Photo for illustrative purposes only. Loading and unloading of goods at a port in Semarang in Indonesia on November 22, 2020. Shutterstock

Halal Industry

Indonesia to launch integrated halal products codification and trade data system by end-2021

JAKARTA – Indonesia will launch in the fourth-quarter a codification system for halal products integrated with trade data, as the biggest Muslim population moves towards its aim of becoming the world’s largest halal exporter.

Afdhal Aliasar, director of Halal Product Industry at the National Sharia Economy and Finance Committee (KNEKS) told Salaam Gateway the agency has been working with the customs and excise directorate general, ministry of finance, national single window agency (LNSW) and national halal agency BPJPH since the end of 2020 to complete the codification system.

The data will be integrated with LNSW data, which is already streamlined with 15 ministries and institutions including the Ministry of Trade, Ministry of Industry, Ministry of Agriculture, Ministry of Marine and Fishery, and the National Food and Drug Agency. LNSW data is also integrated with the goods traffic reporting system at more than 70 main seaports.

The technical aspects of the codification system have been internally approved, said Afdhal.

“[The system] is already one of our top priority programs that must be completed in the fourth-quarter so we can announce it to the public and global society,” he added.

Indonesia’s non-oil exports reached $154.9 billion in 2020, according to data from the National Statistics Agency (BPS). This breaks down into $30.2 billion of food exports and $6.9 billion worth of agriculture, poultry and its related products.

This data does not delineate halal exports as there was previously no official government system to capture what is halal-certified in Indonesia.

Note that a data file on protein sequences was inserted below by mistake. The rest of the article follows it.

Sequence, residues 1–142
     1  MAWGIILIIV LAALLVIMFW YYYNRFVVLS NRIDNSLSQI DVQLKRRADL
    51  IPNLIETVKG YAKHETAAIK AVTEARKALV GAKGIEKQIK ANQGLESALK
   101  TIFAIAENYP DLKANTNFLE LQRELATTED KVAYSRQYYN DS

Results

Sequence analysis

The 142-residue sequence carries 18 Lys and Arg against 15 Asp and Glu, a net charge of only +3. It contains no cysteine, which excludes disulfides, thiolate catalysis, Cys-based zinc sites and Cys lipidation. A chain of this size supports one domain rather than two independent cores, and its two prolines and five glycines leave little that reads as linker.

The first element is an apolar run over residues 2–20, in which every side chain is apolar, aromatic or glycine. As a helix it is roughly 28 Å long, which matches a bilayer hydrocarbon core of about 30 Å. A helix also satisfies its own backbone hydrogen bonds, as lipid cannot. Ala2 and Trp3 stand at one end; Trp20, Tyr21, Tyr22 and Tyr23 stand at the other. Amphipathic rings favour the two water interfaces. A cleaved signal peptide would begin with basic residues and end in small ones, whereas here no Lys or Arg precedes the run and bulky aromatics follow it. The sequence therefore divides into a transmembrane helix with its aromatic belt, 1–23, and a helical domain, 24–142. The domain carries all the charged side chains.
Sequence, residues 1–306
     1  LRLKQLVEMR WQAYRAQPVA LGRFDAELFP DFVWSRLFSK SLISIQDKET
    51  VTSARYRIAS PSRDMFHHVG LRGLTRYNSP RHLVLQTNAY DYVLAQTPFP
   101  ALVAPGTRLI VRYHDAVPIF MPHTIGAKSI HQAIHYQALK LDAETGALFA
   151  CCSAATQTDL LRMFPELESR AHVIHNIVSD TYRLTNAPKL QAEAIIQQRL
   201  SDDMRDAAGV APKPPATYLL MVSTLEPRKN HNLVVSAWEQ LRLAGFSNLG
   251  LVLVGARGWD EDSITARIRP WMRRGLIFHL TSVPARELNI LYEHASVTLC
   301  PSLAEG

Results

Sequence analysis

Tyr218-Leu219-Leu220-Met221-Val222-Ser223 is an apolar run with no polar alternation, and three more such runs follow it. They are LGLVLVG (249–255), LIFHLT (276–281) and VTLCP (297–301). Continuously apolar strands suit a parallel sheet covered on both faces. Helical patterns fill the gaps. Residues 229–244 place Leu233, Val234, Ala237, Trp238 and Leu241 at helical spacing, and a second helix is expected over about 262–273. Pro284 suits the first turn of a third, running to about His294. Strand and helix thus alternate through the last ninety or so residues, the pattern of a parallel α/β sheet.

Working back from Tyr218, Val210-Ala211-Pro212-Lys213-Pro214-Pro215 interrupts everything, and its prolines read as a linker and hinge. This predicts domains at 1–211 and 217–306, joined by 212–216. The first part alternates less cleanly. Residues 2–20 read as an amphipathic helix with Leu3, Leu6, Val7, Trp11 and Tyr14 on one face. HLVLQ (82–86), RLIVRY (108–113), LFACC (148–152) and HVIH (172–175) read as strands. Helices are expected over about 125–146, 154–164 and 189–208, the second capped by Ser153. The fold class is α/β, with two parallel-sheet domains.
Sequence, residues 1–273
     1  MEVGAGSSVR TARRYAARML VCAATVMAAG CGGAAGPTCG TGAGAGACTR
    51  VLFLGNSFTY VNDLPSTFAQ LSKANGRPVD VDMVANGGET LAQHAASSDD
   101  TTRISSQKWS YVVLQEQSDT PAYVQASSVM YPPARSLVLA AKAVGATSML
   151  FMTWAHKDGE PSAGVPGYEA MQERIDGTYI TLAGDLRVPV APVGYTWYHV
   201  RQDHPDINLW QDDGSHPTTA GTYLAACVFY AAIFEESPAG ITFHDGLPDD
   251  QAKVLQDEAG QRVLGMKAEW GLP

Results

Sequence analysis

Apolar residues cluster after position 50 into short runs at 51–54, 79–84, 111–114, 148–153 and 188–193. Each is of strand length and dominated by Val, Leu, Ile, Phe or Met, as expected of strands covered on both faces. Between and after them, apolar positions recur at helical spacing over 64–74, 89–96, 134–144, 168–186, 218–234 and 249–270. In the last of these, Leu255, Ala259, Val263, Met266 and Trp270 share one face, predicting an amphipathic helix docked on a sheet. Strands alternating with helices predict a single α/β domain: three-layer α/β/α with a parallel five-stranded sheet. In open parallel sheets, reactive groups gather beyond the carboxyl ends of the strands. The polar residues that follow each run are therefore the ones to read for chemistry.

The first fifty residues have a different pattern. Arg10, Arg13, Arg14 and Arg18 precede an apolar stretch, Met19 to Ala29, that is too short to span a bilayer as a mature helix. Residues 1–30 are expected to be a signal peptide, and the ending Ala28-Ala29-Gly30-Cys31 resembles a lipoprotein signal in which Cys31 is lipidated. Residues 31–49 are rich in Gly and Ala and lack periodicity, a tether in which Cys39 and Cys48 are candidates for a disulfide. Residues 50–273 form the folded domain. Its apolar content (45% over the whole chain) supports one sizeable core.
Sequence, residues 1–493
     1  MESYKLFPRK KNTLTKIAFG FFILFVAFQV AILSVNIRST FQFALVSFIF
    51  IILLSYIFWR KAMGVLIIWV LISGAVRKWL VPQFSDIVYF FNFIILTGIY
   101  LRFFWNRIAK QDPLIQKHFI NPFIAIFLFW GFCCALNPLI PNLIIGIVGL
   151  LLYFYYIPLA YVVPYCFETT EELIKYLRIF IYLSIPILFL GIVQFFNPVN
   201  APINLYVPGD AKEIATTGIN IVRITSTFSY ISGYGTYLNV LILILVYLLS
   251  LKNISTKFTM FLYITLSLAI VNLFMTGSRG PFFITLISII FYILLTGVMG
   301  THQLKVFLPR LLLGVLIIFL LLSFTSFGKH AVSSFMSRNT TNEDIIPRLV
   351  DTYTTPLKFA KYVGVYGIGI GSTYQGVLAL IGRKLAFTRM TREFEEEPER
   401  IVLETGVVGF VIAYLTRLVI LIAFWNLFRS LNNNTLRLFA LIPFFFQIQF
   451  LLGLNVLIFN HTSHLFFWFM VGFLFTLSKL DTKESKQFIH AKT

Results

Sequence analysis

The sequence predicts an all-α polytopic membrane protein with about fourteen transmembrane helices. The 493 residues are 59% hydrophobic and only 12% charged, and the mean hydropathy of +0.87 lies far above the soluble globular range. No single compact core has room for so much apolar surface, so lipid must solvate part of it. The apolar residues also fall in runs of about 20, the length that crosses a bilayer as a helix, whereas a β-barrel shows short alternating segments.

As an indication, Indonesia's exports to the 57 member countries of the Organisation of Islamic Cooperation (OIC) in 2020 include $5.96 billion of animal or vegetable fats and oils, $125.54 million of preparations of meat and fish, $93.15 million of pharmaceutical products, and $2,000 of meat and edible meat offals, according to the U.N.'s ITC Trade Map.

The government believes that most of Indonesia's raw materials, ingredients, food and food-related exports are halal.

The start of mandatory halal certification by national agency BPJPH in October 2019 for all products that are halal, beginning with foods and then phasing in others including cosmetics and pharmaceuticals, has allowed the government to start measuring and managing the country's halal production and trade.

“That is why the role of halal product codification that is integrated with trading transaction data is very critical in showing the whole picture of our halal industry development and progress," said KNEKS's Afdhal.

Malaysia is currently the only country that provides data on the volume and growth of its halal exports as part of national trade statistics. In 2020, it reported 31 billion ringgit ($7 billion) worth of halal exports.

Indonesia's halal codification uses the international harmonised system, or HS, coding system, and will ensure halal traceability, according to Afdhal.

"It will help many businesses to register their halal certificates for their products easier since the system can detect the raw materials, work-in-progress and their halal compliance from the input data."

The system will also make the world's halal product industries recognise more halal products originating from Indonesia and will improve the country's position in the global halal value chain, Afdhal added.

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